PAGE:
Scarlett Miller, director of the Engineering Design program and associate professor of engineering design and industrial engineering, has been named director of the Penn State Center for Research in Design and Innovation (CRDI).
Established in 2008 by Matt Parkinson, director of the Bernard M. Gordon Learning Factory and professor of engineering design and mechanical engineering, CRDI helps facilitate research partnerships and collaborations across Penn State in the fields of design and innovation.
Miller, an expert in human-computer interaction, engineering design and human factors product design, credits CRDI’s designXchange workshops with contributing to her success as a new faculty member at the University in 2011.
“It was my first connection to Penn State,” she said. “Part of the workshop series was building connections across the University and providing seed funding to faculty members to start a project.”
It was through this series that Miller met then-Penn State colleagues Sam Hunter and Irene Petrick. Now, Hunter is a professor of psychology at the University of Nebraska at Omaha and Petrick is the senior director of industrial innovation in the Internet of Things Group at Intel. These introductions developed into core relationships resulting in numerous National Science Foundation-funded collaborations, as well as Miller’s courtesy appointment in the Penn State College of Information Sciences and Technology. As director of CRDI, Miller plans to continue fostering and advancing faculty relationships.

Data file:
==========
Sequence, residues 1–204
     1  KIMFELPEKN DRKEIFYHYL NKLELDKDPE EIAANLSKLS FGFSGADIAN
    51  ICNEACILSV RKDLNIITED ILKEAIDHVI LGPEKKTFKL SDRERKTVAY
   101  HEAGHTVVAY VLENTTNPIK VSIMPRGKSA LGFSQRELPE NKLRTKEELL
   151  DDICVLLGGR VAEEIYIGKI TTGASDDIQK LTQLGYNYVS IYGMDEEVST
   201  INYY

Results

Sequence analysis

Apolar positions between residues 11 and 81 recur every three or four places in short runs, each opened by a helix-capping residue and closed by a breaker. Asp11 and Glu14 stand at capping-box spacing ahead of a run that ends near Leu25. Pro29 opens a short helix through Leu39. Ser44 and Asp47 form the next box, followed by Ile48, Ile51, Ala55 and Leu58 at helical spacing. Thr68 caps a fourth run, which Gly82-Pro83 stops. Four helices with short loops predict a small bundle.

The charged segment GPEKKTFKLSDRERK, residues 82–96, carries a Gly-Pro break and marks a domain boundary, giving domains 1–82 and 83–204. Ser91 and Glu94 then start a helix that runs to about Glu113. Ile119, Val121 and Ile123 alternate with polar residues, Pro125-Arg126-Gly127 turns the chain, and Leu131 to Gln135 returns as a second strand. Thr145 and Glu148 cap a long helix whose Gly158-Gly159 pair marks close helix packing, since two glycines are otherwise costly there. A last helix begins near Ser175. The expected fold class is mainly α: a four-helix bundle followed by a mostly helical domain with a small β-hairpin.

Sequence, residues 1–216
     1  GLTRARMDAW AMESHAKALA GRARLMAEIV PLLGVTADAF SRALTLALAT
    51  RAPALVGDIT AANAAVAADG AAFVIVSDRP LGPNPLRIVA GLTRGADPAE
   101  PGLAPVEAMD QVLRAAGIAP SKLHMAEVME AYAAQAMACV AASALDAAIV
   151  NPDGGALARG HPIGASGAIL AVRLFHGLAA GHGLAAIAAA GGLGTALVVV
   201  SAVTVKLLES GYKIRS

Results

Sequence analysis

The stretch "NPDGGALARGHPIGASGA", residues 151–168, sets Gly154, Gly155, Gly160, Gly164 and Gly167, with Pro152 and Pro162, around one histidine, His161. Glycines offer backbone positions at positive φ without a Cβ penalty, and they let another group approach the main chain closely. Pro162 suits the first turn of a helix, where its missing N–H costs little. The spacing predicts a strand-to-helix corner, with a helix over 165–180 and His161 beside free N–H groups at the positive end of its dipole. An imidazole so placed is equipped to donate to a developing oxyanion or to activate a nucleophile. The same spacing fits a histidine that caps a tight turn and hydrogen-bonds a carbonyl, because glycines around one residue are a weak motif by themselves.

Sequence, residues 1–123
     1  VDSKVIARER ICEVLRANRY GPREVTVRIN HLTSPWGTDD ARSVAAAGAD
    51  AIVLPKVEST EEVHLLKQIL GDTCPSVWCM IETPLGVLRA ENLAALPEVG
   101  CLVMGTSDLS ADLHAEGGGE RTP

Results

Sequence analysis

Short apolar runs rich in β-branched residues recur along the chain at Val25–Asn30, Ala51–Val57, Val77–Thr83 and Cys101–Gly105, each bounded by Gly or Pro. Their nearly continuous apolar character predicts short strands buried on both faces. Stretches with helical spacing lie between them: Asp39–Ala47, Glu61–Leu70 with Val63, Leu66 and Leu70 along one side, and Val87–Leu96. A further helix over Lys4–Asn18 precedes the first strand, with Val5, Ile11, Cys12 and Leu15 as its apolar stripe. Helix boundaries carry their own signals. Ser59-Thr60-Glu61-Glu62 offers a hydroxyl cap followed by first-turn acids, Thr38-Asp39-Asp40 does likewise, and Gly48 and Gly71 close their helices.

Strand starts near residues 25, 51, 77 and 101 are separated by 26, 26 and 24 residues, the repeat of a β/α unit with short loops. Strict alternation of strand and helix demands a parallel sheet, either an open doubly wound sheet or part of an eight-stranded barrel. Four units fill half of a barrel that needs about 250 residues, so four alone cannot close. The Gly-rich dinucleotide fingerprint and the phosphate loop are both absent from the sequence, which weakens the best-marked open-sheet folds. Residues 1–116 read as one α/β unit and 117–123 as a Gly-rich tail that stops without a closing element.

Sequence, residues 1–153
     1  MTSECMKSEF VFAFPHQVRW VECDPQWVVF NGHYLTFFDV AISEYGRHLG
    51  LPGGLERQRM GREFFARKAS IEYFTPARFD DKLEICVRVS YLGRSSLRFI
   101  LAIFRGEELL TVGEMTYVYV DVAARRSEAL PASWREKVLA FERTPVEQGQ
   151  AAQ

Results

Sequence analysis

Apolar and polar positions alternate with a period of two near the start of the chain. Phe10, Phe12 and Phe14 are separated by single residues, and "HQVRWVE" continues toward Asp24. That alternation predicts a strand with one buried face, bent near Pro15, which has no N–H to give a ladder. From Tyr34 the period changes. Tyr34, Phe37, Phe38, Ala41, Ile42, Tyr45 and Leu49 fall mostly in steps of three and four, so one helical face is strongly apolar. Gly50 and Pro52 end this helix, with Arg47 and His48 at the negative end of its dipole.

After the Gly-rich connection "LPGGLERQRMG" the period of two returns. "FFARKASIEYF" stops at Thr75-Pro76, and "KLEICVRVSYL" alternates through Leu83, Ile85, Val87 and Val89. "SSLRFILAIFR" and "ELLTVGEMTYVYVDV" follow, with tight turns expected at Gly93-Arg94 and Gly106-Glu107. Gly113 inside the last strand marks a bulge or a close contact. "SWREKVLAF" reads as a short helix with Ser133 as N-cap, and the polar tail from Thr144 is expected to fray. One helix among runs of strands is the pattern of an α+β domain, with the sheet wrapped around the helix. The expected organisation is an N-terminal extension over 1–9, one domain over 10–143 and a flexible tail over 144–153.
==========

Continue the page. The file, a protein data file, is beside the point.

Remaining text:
“I want CRDI to help create connections between faculty in these innovative and cross-cutting areas,” Miller said. “I want CRDI to be that connector.”
Miller explained how her experience working across multiple University entities and institutions, including the College of Medicine, the College of the Liberal Arts, and the College of Health and Human Development, highlights the importance of interdisciplinary connections.
“One of the things I know from my involvement in interdisciplinary projects across Penn State and the national research community in the design and innovation space is that there are very limited single discipline grants,” she said. “The role of a center like CRDI is to help foster relationships between faculty members across different disciplines and different institutions that might feel siloed.”
Timothy W. Simpson, interim head of the School of Engineering Design, Technology, and Professional Programs and Paul Morrow Professor in Engineering Design and Manufacturing, echoed the importance of interdisciplinary efforts like Miller’s.
“I’m excited to see how Dr. Miller will apply her design and creativity research not only to the interdisciplinary research initiatives of the center but also to the faculty engagement strategies and operation of the center itself,” he said. “Her collaborations with faculty in psychology and the College of Medicine are going to open brand new research avenues for CRDI.”
Miller’s goals for CRDI also include increasing student and industry engagement through networking, fellowship opportunities and providing new pathways for industry professionals to access University researchers.
“In design and innovation, the potential for impact is huge,” Miller said. “Projects in that space are at the crux of many disciplines, which means CRDI’s impact could be amplified across fields.”